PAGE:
A quick recap…

BBC Storyville, working with more than 70 broadcasters around the world, hosted a debate, via documentary film, about contemporary poverty titled Why Poverty? – a set of 8 ground-breaking international documentaries that screened in November in 180 countries, that explored why, in the 21st century, 1 billion people still live in poverty.

From a behind-the-scenes look at Bob Geldof and Bono’s 30-year campaign, and the moving story of illiterate women becoming solar engineers, to films exploring the impact of multinationals in Zambia, and the privatisation of education in China, and much more, the series gives expression to a diverse range of voices from around the world with the intent to kickstart a new debate about contemporary poverty.

In the last week of November 2012 more than 70 broadcasters throughout the world, covering more than 180 countries joined in putting poverty firmly on the global agenda. The films reached around 500-800 million people worldwide.

By the way, the initiative announcement came the day after the International Day for the Eradication of Poverty, which fell on October 17th.

The compelling list of 8 documentary films follows below. And underneath the list, you'll find a YouTube player with all 8 films, back-to-back in a playlist, within a single player (the films have all been made available on line, so you can watch them all in full now, if you missed their TV broadcasts):

Welcome To The World puts the spotlight on birth and infant mortality around the world. One hundred and thirty million babies are born each year, but the circumstances – and place – of their birth will determine how they live – and for how long. Brian Hill (Songbirds, Feltham Sings, The Not Dead) travels from the UK to America, Cambodia and Sierra Leone in search of the stories surrounding birth around the world.

Solar Mamas by filmmakers Jehane Noujaim and Mona Eldaief, follows the remarkable story of Jordanian mother-of-four Rafea, who overcomes the objections of her patriarchal husband to train as a solar engineer at India’s Barefoot College. Along with 27 other mothers and grandmothers from poor communities around the world – many of whom are illiterate – she learns the skills needed to bring light to her beleaguered village.

Give Us The Money (dir. Bosse Lindquist) takes an in-depth, behind-the-scenes look at 30 years of Bob Geldof and Bono’s campaign to make poverty history. Their campaign has made them icons of aid, but what impact has it really had on Africa?

Park Avenue: Money, Power and The American Dream focuses on the residents of 740 Park Avenue – the plushest apartment building in Manhattan and home to generations of high-rolling Wall Streeters. Two kilometres to the north is another Park Avenue in the South Bronx, where life prospects are less good for those stuck at the bottom of the American pile. Oscar-winning documentary filmmaker Alex Gibney looks at inequality in the US through the prism of these two, near-adjacent places.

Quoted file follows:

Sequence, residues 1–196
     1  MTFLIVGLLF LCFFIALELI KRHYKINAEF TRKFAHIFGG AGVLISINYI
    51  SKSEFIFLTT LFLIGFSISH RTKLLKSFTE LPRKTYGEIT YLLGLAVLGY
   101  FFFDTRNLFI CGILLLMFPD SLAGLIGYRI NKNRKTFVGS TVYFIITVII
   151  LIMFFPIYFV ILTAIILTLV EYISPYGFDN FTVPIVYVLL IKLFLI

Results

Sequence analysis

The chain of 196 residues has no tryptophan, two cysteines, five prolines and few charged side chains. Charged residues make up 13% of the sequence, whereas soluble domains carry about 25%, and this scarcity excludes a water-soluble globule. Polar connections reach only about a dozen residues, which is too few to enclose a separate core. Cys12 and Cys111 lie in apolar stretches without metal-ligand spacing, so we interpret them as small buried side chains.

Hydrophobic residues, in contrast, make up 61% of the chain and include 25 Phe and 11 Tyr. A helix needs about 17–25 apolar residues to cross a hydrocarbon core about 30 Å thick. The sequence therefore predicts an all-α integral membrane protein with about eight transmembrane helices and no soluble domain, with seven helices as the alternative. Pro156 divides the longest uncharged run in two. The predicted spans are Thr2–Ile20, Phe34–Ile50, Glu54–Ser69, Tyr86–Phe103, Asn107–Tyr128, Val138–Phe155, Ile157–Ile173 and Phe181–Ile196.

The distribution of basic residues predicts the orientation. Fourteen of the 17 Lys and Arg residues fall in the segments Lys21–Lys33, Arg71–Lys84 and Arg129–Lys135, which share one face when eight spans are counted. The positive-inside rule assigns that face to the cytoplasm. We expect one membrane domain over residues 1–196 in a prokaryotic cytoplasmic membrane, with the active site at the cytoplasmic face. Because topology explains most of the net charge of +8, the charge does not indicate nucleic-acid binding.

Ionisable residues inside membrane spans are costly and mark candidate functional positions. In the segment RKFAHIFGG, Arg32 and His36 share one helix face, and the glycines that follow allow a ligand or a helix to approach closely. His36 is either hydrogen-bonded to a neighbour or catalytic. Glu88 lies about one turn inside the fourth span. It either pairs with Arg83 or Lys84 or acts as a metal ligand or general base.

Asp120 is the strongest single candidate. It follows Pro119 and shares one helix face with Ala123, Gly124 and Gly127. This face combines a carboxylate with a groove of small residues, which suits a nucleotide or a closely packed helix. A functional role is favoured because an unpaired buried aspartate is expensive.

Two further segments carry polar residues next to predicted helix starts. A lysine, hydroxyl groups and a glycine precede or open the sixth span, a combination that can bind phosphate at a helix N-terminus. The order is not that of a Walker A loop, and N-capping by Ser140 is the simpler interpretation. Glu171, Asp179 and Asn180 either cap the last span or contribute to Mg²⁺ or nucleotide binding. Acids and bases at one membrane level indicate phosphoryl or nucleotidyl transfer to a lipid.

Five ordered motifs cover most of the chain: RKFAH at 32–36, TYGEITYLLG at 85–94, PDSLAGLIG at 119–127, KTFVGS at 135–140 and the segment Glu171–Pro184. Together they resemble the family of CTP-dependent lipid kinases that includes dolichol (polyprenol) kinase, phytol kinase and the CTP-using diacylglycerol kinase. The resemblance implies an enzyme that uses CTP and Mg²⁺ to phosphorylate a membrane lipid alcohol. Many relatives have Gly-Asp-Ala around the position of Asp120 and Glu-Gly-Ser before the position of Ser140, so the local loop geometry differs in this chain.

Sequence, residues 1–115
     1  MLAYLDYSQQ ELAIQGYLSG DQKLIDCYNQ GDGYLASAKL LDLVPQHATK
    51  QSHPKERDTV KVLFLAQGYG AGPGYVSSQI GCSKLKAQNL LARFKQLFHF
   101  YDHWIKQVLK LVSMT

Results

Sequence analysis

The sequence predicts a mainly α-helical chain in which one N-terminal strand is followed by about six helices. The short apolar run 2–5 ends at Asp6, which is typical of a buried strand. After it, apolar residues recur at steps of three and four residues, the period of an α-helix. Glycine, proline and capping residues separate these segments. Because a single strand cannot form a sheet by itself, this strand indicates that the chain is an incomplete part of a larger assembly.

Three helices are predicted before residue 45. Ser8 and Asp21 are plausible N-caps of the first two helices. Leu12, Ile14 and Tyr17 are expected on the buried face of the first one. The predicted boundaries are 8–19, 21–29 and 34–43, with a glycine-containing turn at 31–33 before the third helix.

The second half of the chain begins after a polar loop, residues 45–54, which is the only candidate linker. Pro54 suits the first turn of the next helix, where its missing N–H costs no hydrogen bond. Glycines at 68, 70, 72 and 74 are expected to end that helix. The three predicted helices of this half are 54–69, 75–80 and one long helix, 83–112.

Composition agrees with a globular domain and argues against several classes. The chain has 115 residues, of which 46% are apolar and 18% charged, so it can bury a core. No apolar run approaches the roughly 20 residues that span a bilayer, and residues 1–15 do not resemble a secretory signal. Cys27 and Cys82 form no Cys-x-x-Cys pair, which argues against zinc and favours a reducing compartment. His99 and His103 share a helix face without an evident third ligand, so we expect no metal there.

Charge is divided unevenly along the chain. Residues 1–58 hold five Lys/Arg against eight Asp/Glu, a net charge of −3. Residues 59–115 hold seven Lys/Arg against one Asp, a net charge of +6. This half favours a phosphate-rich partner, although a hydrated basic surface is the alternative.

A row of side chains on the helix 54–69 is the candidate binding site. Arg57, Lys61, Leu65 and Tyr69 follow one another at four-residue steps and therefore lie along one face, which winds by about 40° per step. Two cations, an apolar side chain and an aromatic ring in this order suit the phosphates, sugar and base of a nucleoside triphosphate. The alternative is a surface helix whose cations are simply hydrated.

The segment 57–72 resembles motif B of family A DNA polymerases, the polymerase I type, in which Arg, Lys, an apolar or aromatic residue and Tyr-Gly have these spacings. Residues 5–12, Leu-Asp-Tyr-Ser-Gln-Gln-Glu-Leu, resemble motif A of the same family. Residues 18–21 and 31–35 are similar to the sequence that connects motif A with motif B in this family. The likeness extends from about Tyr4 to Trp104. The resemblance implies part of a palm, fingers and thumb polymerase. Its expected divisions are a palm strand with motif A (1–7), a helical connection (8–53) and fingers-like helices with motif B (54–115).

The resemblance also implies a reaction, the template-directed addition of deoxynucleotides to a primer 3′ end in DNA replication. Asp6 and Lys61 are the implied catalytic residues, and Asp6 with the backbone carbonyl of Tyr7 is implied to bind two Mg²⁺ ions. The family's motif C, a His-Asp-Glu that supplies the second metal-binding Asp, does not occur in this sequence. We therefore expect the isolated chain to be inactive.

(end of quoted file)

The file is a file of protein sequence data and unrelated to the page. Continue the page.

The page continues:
Stealing Africa follows investigative reporter and filmmaker Christopher Gulbrandsen, as he travels to Zambia to look at why one of the most mineral-rich countries in Africa is also one of the most economically poor. What role does a multinational corporation play in this?

Education! Education! explores the privatisation of the Chinese education system which sees many of the country’s poorest children studying at low-standard private colleges. Will they end up joining the ‘ant tribe’ – the two million graduates each year who have no jobs? The fate of a generation of educated young is now acknowledged to be among the greatest social problems, and Weijun Chen’s film shines a unique light on the question of whether education really can help forge a route out of poverty.

Poor Us – An Animated History of Poverty looks back at the changing attitudes to poverty throughout history. Beginning in the Neolithic Age, Ben Lewis’s film, narrated by actor Shaun Parkes, takes us through the changing world of poverty.

Land Rush looks at food security and the rush for arable land as vast tracks of the developing world are bought up or leased by multi-national agribusiness. Hugo Berkeley and Osvalde Lewat’s film follows a collection of investors and developers as they attempt to find a new, more inclusive model of development in Mali. But what impact will this have on the lives of the local farmers?